Social Security and Its Discontents

Restoring Hope in America: The Social Security Solution

by Sam Beard
Institute for Contemporary Studies, San Francisco, 224 pp., $14.95 (paper)

Frightening America's Elderly: How the Age Lobby Holds Seniors Captive

by Thomas J. DiLorenzo
Capital Research Center, Washington, D.C, 98 pp., $15.00 (paper)

Will America Grow Up Before It Grows Old? How the Coming Social Security Crisis Threatens You, Your Family, and Your Country

by Peter G. Peterson
Random House, 237 pp., $21.00

Social Security in the Twenty-First Century

edited by Eric R. Kingson, edited by James H. Schulz
Oxford University Press, 313 pp., $24.95 (paper)

1. In his new book about saving Social Security, Restoring Hope in

America, the writer Sam Beard, an inner-city organizer turned fiscal conservative, indulges in a few tricks of the political pamphleteer’s trade. “It’s time to stop relying on government for handouts. It’s time to break the bonds of dependence on Washington,” he tells us. “There’s a better way. We are a prosperous, industrious nation, and we are capable of instituting a plan that can—quite literally—turn every hard-working American into a millionaire.”
Beard wants us to believe, of course, that it is government that is holding us all back. Forty-five years from now, Beard calculates, an average worker who has invested his Social Security contributions in a privately administered portfolio of stocks and other securities instead of handing it over to the government will become a millionaire twice over—if only in nominal rather than inflation-adjusted dollars. What Beard omits to say is that if Social Security maintains its currently mandated benefits, it will also make the typical recipient a millionaire in forty-five years, without the risk of investing in the volatile stock market. By the year 2040, a typical Social Security beneficiary will receive about $92,000 a year in the dollars of that year, on the basis of assumptions similar to Beard’s. To buy an annuity in that year paying the same annual amount until death would cost nearly $1 million.1 Even today, a package of Social Security and Medicare benefits is worth half a million dollars to the typical retired couple.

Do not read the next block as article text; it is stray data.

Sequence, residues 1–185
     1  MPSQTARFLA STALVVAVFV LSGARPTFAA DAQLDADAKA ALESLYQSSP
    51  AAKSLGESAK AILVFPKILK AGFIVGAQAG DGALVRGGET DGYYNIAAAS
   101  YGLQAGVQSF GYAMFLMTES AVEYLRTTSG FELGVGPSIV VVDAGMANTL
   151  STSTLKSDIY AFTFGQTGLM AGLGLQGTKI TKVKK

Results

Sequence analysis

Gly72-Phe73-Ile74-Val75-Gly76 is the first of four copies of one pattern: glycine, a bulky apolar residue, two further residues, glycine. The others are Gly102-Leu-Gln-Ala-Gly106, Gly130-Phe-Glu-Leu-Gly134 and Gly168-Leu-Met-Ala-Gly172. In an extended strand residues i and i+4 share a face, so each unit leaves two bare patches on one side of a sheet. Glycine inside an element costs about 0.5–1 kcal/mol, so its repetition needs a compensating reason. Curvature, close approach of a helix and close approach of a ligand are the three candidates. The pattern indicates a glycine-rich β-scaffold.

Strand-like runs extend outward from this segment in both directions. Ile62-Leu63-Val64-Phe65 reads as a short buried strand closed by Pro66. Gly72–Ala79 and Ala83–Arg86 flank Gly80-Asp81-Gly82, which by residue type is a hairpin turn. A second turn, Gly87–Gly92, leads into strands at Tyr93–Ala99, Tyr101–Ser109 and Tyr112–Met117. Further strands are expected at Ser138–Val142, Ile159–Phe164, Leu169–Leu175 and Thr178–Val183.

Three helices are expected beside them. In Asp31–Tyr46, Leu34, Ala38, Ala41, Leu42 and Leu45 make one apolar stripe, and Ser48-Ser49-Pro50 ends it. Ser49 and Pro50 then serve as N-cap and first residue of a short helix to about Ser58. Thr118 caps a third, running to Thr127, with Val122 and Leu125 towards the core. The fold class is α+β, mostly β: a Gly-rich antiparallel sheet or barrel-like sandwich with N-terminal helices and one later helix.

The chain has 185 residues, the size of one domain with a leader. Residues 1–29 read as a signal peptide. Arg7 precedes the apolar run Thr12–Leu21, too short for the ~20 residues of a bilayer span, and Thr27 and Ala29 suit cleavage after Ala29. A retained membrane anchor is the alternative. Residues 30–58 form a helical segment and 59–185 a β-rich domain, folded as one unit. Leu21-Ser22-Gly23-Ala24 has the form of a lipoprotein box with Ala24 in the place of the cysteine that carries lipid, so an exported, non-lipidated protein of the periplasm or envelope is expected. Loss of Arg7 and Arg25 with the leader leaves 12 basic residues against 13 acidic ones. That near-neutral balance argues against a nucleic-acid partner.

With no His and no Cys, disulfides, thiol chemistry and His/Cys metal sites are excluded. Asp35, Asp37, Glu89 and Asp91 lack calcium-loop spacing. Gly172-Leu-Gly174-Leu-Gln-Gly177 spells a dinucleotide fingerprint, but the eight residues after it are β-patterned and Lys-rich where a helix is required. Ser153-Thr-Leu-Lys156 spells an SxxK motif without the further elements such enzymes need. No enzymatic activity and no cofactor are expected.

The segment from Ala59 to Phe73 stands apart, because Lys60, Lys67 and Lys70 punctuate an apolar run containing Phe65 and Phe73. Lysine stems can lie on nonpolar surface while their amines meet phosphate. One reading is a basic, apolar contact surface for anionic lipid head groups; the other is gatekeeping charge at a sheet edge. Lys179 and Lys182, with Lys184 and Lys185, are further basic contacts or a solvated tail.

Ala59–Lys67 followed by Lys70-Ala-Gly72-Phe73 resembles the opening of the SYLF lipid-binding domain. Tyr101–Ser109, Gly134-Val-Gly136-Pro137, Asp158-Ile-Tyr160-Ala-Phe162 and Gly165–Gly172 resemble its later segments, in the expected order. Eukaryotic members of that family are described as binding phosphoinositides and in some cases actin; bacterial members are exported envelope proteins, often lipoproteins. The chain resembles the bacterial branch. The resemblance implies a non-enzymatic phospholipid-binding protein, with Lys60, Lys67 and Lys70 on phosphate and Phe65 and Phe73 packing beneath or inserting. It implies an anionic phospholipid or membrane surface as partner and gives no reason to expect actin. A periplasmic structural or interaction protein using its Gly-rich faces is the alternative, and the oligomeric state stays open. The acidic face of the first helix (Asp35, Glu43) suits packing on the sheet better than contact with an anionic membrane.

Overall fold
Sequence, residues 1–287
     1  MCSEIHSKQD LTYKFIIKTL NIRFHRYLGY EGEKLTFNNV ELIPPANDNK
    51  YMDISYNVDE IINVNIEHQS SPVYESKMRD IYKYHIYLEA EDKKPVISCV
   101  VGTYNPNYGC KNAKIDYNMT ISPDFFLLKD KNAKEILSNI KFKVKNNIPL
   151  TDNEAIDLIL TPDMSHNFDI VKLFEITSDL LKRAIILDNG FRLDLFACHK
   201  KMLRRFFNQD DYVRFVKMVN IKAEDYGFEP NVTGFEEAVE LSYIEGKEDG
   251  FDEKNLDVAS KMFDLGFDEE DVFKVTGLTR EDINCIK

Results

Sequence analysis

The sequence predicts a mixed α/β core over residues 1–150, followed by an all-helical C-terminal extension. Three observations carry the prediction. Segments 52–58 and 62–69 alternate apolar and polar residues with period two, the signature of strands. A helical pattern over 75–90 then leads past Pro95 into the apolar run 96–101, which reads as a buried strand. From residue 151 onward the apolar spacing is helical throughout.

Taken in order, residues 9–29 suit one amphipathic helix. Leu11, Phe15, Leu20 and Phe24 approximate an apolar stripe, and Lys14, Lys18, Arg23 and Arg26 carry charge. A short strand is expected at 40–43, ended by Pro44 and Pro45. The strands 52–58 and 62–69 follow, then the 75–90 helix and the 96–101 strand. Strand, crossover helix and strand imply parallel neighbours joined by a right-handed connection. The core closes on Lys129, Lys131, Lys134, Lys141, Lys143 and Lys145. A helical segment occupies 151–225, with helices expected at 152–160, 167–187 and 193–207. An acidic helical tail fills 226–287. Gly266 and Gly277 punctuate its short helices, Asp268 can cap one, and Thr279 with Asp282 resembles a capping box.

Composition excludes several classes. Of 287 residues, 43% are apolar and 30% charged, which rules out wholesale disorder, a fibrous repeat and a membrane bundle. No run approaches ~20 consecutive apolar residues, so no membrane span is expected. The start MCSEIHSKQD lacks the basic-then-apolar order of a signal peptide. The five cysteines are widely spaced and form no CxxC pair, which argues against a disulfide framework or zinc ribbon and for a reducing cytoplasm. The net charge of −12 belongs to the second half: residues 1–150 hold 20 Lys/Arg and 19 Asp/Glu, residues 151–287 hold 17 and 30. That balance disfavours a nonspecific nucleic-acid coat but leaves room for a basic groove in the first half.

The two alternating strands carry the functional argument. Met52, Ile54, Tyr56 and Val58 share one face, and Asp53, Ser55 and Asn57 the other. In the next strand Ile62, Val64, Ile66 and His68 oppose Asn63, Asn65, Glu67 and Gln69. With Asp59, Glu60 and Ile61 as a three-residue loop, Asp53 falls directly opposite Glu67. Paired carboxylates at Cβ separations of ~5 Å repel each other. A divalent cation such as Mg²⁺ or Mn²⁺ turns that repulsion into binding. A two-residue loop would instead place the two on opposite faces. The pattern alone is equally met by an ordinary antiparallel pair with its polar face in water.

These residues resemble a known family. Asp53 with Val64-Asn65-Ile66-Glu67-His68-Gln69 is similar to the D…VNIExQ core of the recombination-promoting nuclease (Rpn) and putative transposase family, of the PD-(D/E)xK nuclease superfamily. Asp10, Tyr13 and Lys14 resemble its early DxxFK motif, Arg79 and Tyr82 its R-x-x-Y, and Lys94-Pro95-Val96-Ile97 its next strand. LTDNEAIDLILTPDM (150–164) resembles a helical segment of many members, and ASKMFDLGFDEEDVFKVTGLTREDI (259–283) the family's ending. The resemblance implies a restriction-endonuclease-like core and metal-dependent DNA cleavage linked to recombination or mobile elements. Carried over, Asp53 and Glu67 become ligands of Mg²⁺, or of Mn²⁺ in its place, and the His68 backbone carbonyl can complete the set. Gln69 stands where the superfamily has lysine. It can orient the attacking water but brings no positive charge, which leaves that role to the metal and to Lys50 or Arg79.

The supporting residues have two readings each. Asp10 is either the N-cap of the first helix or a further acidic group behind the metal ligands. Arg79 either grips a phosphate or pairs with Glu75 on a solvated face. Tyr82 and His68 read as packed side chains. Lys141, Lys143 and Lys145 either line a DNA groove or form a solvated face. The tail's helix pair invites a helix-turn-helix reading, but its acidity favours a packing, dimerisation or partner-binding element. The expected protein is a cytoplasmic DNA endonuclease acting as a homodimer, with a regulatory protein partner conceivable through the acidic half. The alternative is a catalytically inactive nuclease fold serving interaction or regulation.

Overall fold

Like much of the new literature on the subject, Beard’s book transforms a genuine but soluble problem concerning Social Security’s financing into an ideological crusade. Beard insists that Social Security must be “radically reformed.” Time Magazine entitles its recent cover story on the subject, “The Case for Killing Social Security.” The economist Thomas J. DiLorenzo writes in a short book called Frightening America’s Elderly that “unless changes are made soon, the entire program will collapse by the year 2029.” DiLorenzo doesn’t bother to tell us precisely what he means by collapse. His thesis is that lobbyists have frightened the elderly to the point where they will not entertain constructive reforms of the retirement system. He readily uses fear to promote his own ends, however. One looks through his pamphlet in vain for documentation of Social Security’s coming collapse. Such writers understand that a mere declaration of a coming catastrophe in Social Security is sufficient to frighten a public long made skeptical of government promises by large federal deficits, lost jobs, and two decades of stagnating wages. One survey finds that two out of three Americans aged twenty-five to thirty-four believe it is unlikely that they will receive their Social Security benefits when they retire. Critics of the current system like to point out that more young Americans believe in UFOs than in the security of their public retirement benefits.

Before we take a cooler look at the facts, we should remind ourselves how much has…

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